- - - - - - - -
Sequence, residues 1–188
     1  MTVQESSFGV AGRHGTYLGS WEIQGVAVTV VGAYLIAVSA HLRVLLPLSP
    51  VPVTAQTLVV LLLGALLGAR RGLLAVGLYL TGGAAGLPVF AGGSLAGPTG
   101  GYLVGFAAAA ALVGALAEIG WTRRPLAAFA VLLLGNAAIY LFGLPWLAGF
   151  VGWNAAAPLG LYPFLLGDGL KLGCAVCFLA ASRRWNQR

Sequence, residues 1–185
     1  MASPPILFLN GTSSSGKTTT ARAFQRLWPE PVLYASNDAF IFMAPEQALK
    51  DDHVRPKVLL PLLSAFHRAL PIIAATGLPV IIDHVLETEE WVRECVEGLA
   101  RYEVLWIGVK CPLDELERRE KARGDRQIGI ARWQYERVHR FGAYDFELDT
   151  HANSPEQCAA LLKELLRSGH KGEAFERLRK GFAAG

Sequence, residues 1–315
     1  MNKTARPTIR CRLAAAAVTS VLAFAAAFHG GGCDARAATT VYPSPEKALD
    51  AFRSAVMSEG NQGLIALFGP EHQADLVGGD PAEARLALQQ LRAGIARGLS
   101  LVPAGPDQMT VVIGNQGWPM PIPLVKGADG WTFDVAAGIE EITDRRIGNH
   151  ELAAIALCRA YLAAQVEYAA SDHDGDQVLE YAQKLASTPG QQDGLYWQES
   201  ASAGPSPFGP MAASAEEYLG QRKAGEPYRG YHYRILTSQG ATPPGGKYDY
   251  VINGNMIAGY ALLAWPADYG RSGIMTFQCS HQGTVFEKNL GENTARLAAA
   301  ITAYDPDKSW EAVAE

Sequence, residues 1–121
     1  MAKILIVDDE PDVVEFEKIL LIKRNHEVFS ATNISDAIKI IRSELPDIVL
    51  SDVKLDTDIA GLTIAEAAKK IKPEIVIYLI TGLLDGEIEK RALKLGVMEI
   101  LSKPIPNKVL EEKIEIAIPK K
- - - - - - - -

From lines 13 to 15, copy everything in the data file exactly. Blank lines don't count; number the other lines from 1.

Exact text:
    51  AFRSAVMSEG NQGLIALFGP EHQADLVGGD PAEARLALQQ LRAGIARGLS
   101  LVPAGPDQMT VVIGNQGWPM PIPLVKGADG WTFDVAAGIE EITDRRIGNH
   151  ELAAIALCRA YLAAQVEYAA SDHDGDQVLE YAQKLASTPG QQDGLYWQES